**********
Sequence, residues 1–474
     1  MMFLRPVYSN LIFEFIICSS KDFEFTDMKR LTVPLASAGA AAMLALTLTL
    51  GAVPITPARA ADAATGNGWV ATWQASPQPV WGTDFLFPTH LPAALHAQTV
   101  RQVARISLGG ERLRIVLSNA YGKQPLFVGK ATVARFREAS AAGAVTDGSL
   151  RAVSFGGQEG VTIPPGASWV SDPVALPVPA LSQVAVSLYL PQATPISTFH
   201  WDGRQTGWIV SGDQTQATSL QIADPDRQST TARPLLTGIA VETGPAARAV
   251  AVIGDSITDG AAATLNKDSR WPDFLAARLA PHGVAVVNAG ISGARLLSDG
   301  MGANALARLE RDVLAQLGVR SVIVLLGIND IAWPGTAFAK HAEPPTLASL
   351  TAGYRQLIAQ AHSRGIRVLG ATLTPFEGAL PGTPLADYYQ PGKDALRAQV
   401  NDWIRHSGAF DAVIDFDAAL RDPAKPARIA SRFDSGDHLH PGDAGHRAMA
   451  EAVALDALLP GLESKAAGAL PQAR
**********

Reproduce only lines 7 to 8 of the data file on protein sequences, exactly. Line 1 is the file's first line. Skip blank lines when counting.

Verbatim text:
   251  AVIGDSITDG AAATLNKDSR WPDFLAARLA PHGVAVVNAG ISGARLLSDG
   301  MGANALARLE RDVLAQLGVR SVIVLLGIND IAWPGTAFAK HAEPPTLASL